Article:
0800 843 809 info@esi.org.nz

By Peter Burton

The days of capital gains, particularly on intensive dairy operations has come to a grinding halt and that’s causing real concern amongst many farmers, and it shouldn’t.

A payout in excess of $7/kg/MS should provide any well-run operation with enough income to service debt, pay wages, and fund a lifestyle the envy of many business owners, and yet a significant number are struggling to pay down debt.

Obviously, the size of the debt is a genuine factor, however there’s something else, which unless addressed will continue to erode financial surpluses at an ever-increasing rate.

The reality is that pasture production is steadily declining, at an ever-increasing rate, and it cannot be blamed entirely on drought and flood.

Soil carbon levels have steadily decreased in the Waikato over the last thirty years at a rate of one tonne of carbon/ha/year, coinciding with the time over which synthetic nitrogen in the form of urea has been regularly used.

Time will tell how direct that relationship might be however in the short-term having an accurate figure of total pasture grown each year is information all farmers should have at their fingertips, because it’s pasture that generates profit.

Without accurate growth data for the current and previous season, decision making regarding fertiliser, supplementary feed, stocking rate, and calving/lambing dates is little better than guess work and that’s no longer good enough.

It was not data that I knew as a sharemilker, and as farm owners we should have made it our business to know, however it was easier not to.  We simply carried on without a sound business plan, believing that ever increasing land prices would keep the Bank at bay.

When the total annual pasture growth figure is known, particularly monthly growth rates, decision making becomes a whole lot simpler and fear of what might go wrong significantly declines.

Based on accurate growth rates from an intensive dryland dairy unit near Edgecumbe over the last 11 years a reasonable variation between a dry and ‘normal’ season is 4,000kgDM/ha.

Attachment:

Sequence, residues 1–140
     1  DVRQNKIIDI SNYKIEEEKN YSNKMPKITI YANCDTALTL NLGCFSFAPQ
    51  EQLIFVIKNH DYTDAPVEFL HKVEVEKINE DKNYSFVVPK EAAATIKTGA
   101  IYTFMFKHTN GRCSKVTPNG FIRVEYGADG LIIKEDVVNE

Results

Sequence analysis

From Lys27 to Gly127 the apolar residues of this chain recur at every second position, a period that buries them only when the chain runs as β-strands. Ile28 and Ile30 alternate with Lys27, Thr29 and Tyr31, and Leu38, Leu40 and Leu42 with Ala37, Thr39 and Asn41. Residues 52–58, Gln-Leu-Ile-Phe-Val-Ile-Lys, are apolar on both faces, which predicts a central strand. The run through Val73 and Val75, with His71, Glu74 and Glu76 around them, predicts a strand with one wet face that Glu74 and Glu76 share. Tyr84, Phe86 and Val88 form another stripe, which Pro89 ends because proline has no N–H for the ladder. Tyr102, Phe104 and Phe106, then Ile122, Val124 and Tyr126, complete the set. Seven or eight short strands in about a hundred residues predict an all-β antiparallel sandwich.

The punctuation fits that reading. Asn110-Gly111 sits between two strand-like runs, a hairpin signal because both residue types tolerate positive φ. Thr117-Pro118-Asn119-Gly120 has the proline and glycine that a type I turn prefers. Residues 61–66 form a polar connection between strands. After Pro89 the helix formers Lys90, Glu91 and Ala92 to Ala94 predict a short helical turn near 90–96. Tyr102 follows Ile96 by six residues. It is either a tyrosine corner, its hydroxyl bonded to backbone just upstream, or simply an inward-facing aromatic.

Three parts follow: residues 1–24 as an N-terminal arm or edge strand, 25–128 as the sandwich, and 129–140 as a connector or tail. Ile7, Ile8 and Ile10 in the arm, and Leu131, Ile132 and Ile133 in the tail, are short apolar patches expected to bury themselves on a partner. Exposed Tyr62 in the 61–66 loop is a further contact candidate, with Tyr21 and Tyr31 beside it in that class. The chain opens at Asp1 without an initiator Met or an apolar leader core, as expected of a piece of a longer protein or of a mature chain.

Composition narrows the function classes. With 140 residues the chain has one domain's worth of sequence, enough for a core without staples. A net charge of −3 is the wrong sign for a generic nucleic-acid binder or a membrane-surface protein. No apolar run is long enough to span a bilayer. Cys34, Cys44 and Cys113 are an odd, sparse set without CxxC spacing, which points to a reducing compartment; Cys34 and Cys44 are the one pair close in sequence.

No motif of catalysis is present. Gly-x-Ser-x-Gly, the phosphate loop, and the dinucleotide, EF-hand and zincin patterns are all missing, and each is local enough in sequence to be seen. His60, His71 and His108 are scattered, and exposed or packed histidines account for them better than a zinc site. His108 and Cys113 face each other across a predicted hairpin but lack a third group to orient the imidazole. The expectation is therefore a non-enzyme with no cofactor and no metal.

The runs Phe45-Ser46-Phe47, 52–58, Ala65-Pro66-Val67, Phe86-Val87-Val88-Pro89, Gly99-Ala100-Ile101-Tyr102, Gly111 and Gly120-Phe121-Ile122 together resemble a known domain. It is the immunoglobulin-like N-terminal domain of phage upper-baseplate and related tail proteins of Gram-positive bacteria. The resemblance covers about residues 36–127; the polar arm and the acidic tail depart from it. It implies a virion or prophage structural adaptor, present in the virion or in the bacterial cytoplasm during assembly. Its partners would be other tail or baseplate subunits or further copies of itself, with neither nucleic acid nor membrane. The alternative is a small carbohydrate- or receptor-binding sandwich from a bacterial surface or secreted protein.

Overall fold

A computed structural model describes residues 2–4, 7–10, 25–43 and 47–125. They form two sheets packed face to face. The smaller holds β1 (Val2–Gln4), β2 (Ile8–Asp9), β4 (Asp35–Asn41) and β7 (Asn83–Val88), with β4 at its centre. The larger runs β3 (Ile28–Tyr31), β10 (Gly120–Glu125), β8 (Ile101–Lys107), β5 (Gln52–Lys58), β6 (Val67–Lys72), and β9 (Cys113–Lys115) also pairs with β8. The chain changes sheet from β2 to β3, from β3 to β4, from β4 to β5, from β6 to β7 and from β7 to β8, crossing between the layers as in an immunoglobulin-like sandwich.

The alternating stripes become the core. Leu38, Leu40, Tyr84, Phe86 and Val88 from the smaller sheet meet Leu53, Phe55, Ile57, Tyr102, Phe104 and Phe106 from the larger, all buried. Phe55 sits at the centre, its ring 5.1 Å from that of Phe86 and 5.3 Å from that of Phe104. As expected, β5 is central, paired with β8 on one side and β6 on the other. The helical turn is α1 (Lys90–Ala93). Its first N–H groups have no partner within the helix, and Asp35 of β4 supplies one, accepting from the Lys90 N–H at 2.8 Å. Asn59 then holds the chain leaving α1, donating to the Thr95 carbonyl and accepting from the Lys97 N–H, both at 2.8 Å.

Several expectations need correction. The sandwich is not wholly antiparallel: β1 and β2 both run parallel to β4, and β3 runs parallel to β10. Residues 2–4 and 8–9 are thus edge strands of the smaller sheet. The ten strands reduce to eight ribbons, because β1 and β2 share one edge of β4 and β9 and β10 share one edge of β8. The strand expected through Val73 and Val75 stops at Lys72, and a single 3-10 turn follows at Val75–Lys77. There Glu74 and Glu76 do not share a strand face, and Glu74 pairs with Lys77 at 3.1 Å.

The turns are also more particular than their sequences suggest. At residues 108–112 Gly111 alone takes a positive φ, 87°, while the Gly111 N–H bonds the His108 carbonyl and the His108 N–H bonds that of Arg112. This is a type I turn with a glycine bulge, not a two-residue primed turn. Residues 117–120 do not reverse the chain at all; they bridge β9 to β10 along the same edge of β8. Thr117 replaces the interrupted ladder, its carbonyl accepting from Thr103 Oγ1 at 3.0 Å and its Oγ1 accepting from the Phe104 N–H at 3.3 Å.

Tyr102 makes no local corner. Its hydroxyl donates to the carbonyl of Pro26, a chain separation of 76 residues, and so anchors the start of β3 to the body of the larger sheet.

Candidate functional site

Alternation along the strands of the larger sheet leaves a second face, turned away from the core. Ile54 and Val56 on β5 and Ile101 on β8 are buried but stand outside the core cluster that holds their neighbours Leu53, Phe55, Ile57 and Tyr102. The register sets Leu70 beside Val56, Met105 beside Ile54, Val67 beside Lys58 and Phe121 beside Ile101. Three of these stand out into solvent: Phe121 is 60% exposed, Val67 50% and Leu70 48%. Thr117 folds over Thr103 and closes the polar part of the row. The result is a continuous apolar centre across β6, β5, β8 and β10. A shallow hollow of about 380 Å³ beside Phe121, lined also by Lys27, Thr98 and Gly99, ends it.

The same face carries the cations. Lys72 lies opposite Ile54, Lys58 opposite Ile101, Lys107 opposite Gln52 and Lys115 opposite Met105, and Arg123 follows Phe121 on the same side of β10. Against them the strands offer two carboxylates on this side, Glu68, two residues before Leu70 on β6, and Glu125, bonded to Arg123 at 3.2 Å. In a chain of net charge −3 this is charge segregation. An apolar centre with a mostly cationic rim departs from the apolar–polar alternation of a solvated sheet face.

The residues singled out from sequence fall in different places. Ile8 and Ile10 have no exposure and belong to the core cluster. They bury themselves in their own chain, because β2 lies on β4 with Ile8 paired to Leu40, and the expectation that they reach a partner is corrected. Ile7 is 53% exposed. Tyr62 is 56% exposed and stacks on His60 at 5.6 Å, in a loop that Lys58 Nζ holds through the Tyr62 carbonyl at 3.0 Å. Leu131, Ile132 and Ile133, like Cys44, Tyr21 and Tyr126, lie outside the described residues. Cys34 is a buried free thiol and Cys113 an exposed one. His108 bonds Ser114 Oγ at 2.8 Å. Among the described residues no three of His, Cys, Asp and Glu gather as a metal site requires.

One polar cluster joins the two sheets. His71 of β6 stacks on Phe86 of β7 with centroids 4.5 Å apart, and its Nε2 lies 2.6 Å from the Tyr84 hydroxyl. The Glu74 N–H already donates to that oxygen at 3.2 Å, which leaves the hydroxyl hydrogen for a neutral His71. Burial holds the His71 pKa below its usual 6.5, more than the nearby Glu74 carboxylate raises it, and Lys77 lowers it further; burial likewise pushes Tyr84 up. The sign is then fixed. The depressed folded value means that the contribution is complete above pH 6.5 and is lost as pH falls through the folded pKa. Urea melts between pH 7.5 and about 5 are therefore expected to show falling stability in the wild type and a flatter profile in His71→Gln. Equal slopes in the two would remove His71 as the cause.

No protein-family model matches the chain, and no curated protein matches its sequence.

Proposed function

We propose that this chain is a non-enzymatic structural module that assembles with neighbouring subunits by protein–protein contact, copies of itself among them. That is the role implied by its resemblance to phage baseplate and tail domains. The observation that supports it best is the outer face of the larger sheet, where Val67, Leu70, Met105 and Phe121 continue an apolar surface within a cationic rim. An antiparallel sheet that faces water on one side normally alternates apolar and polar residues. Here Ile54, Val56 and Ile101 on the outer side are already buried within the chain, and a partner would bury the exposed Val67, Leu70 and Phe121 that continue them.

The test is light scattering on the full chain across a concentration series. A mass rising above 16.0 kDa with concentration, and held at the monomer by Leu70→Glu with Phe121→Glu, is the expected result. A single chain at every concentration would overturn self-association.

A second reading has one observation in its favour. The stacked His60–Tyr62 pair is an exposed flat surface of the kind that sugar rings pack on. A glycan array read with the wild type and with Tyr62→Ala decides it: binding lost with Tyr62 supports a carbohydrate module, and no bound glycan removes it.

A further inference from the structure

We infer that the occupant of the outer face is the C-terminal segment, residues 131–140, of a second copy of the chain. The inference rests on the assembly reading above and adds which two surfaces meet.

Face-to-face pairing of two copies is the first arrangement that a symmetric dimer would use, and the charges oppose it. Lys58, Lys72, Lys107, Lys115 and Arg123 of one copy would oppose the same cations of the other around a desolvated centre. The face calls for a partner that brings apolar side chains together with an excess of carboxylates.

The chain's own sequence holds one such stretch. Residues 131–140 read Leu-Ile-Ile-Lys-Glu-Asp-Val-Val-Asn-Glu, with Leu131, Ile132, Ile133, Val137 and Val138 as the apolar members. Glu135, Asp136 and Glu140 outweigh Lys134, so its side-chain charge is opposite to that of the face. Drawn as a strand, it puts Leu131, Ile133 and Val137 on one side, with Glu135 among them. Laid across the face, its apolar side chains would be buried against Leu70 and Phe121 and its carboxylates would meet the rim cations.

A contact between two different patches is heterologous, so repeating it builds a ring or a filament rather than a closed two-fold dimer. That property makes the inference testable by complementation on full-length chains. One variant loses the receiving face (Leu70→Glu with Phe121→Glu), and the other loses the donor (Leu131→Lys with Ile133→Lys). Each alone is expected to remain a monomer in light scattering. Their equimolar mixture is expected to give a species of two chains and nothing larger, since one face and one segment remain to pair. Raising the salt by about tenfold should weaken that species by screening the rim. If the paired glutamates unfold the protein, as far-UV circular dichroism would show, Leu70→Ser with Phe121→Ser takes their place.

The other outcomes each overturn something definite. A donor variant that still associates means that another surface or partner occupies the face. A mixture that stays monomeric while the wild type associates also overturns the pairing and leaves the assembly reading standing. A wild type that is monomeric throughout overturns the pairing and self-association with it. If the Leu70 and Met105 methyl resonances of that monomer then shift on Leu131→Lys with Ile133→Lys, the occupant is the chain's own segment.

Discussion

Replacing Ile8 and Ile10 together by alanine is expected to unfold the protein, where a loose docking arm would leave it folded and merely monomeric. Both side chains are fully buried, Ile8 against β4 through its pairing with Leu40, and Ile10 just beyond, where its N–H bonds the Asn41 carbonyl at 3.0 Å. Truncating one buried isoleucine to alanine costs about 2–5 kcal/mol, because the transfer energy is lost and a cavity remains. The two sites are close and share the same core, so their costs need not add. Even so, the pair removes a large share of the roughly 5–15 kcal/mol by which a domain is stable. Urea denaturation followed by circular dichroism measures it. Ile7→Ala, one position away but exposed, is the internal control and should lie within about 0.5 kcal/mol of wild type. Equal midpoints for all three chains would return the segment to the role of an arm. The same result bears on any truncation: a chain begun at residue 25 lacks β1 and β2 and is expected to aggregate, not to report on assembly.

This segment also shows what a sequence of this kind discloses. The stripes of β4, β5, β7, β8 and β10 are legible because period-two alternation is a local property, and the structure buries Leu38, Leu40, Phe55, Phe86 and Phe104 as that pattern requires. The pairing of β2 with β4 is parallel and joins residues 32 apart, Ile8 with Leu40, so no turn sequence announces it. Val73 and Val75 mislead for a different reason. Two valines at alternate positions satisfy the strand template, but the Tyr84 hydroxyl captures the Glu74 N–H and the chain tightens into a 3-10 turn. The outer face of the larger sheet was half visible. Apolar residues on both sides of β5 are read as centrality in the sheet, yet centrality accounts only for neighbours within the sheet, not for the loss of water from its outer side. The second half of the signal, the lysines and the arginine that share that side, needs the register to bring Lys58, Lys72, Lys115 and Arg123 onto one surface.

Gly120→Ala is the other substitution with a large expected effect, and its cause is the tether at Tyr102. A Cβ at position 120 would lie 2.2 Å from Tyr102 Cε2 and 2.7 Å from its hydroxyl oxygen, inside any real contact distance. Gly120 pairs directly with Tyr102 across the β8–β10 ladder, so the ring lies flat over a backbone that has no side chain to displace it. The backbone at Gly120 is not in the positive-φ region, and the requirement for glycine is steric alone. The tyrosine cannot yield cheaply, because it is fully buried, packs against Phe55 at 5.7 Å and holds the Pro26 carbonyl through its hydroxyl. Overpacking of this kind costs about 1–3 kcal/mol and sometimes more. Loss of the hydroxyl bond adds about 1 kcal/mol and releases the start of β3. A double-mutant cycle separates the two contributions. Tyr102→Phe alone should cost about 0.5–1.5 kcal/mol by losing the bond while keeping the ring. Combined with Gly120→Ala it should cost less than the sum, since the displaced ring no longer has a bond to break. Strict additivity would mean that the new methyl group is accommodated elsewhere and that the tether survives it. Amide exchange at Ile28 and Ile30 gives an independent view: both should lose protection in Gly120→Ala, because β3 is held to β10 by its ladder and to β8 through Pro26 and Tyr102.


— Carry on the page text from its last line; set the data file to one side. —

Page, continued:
And it’s important to remember that there’s 1,500kgDM/ha of base pasture cover that can be utilised if necessary.

The years of least growth are a result of dry summers with slow growth over the second half of January, February, and into March.

By ensuring a 30-day grazing interval is obtained by Christmas the effect of a dry season doesn’t kick in until February, and its only when the normally reliable early March rain doesn’t arrive that a change in plan is required.

With good data a worst-case scenario can be planned for and the steps of early culling and grazing off can be taken, followed by an early dry-off date if necessary, eliminating the skinny animal/no feed situation.

Dry summers and autumns are never welcome, but they are part of farming and with a generous stash of hay/silage on hand the driest of seasons can be managed.

Eliminating regular urea applications is a game changer.  Synthetic N reduces soil carbon, or at best slows the rate at which it is sequestered, which is important as an extra 1% increase in soil carbon may result in an extra 144,000 litres/ha of moisture stored within the rootzone of pasture.

Less synthetic N means an increase in clover and an abundance of clover protects the soil surface reducing evaporation.  Even gumboot high mature clover remains highly palatable, nutritious, and digestible.

Conversely when soil temperatures are above 20℃ grasses will produce a seed head with feed quality deteriorating and declining animal consumption.

The usual counter is to graze to a lower level and increase the frequency of grazings resulting in shallow rooting plants, lots of bare earth, and a general feeling of despair.

Autumn is the ideal time to gather the data necessary to carefully plan this winter’s and next season’s feed.

When a total feed grown figure is obtained, formulating an effective fertiliser and feed management plan becomes much easier.

For more information contact Peter on 0800 843 809.

Pin It on Pinterest